Skip to content


In Re: M.S. Mehdi and ors. - Court Judgment

LegalCrystal Citation
SubjectCriminal
CourtChennai
Decided On
Reported in(1947)2MLJ192
AppellantIn Re: M.S. Mehdi and ors.
Cases ReferredKing Emperor v. Bmoari Lal Sarma
Excerpt:
- - 33 of 1943 was not promulgated under the defence of india act but under section 72 of schedule ix of the government of india act, 1935. 4. section 72 of schedule ix of the government of india act, provides that any ordinance made by the governor-general under the section shall have the like force of law as an act passed by the indian legislature 'for the space of not more than six months from its promulgation......of not more than six months from its promulgation.' section 1, 'sub-section (3) of the india and burma (emergency provisions) act, 1940, however, enacted that section 72 of the government of india act shall as respects ordinances made during the period specified in section 3 of the act have effect as if the words 'for the space of not more than six months from its promulgation ' were omitted. section 3 of the india and burma (emergency provisions) act, 1940 defines the period referred to in the preceding sections as.:the period beginning with the date of passing of this act and ending with such date as his majesty may by order in council declare to be the end of the emergency which was the occasion of the passing of this act. his majesty by the india and burma (termination of.....
Judgment:

Happell, J.

1. The petitioners are being prorecuted for an offence in contravention of the Military Stores (Unlawful Possession) Ordinance (Ordinance XXXIII of 1943), and on the 12th January, 1946, the Additional District Magistrate of Vizagapatam framed a charge against them under Section 3 of this Ordinance. The petition before us is brought to quash the charge. The ground on which the petition is supported is shortly that the Ordinance has expired and that, as it contains no provision within itself for the continuation of proceedings, the proceedings commenced before its expiration have automatically determined.

2. By our order in : AIR1947Mad325 . my learned brother and I have recently held that criminal proceedings instituted under the orders and Ordinances with which the petitions were concerned could be continued after their expiration. These orders and Ordinances, however, were made under the Defence of India Act and the grourds for our decision were (1) that where the orders related to subjects enumerated in the Provincial Legislative list they could be continued by virtue of the provisions of Section 102, Sub-section (4) of the Government of India Act, and (2) that where they related to subjects enumerated in the Central Legislative list they could be continued by virtue of the amendment of Section 2 of the Defence of India Act made by Ordinance No. 12 of 1946 which ,made specific provision for the continuance of proceedings instituted before the expiration of orders made under the Defence of India Act.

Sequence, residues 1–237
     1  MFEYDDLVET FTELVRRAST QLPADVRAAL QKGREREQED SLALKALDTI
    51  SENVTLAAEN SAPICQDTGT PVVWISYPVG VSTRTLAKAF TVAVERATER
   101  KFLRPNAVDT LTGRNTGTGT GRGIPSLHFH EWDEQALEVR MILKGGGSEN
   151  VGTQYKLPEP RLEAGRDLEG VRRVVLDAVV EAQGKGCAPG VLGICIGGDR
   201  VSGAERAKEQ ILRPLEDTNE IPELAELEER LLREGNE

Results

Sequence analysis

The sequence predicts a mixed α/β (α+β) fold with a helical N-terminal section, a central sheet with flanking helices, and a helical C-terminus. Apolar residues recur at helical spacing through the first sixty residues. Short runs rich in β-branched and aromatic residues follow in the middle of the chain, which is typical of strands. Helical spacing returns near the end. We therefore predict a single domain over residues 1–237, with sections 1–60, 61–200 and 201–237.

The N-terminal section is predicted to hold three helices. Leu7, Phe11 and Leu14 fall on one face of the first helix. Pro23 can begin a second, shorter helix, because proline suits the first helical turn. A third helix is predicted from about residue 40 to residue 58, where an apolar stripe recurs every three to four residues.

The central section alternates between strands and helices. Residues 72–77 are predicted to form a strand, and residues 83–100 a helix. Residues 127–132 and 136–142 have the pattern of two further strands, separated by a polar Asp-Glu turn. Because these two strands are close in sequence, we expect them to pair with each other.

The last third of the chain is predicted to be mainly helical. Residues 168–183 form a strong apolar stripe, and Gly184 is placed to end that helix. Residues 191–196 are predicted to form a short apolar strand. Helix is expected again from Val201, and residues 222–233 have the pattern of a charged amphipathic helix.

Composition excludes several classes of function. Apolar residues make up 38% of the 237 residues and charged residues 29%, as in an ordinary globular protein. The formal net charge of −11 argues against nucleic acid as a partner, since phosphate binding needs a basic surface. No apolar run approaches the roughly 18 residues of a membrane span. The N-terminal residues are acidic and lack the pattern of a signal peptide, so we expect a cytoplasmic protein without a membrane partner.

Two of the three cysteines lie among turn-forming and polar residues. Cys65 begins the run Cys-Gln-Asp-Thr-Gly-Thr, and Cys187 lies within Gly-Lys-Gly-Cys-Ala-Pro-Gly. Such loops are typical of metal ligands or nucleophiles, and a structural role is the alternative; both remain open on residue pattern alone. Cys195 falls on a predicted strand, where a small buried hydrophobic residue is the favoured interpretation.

3. We agree with learned Counsel for the petitioners that the present petition does not fall within the scope of our order referred to above. The Military Stores Ordinance No. 33 of 1943 was not promulgated under the Defence of India Act but under Section 72 of schedule IX of the Government of India Act, 1935.

4. Section 72 of schedule IX of the Government of India Act, provides that any Ordinance made by the Governor-General under the section shall have the like force of law as an Act passed by the Indian Legislature 'for the space of not more than six months from its promulgation.' Section 1, 'Sub-section (3) of the India and Burma (Emergency Provisions) Act, 1940, however, enacted that Section 72 of the Government of India Act shall as respects Ordinances made during the period specified in Section 3 of the Act have effect as if the words 'for the space of not more than six months from its promulgation ' were omitted. Section 3 of the India and Burma (Emergency Provisions) Act, 1940 defines the period referred to in the preceding sections as.: